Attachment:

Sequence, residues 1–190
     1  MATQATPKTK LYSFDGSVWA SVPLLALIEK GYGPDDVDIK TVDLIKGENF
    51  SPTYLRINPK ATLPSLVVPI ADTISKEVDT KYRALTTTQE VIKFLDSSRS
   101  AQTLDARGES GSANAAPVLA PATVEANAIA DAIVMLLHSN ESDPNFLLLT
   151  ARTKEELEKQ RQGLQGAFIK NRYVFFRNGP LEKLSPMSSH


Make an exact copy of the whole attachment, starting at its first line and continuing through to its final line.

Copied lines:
Sequence, residues 1–190
     1  MATQATPKTK LYSFDGSVWA SVPLLALIEK GYGPDDVDIK TVDLIKGENF
    51  SPTYLRINPK ATLPSLVVPI ADTISKEVDT KYRALTTTQE VIKFLDSSRS
   101  AQTLDARGES GSANAAPVLA PATVEANAIA DAIVMLLHSN ESDPNFLLLT
   151  ARTKEELEKQ RQGLQGAFIK NRYVFFRNGP LEKLSPMSSH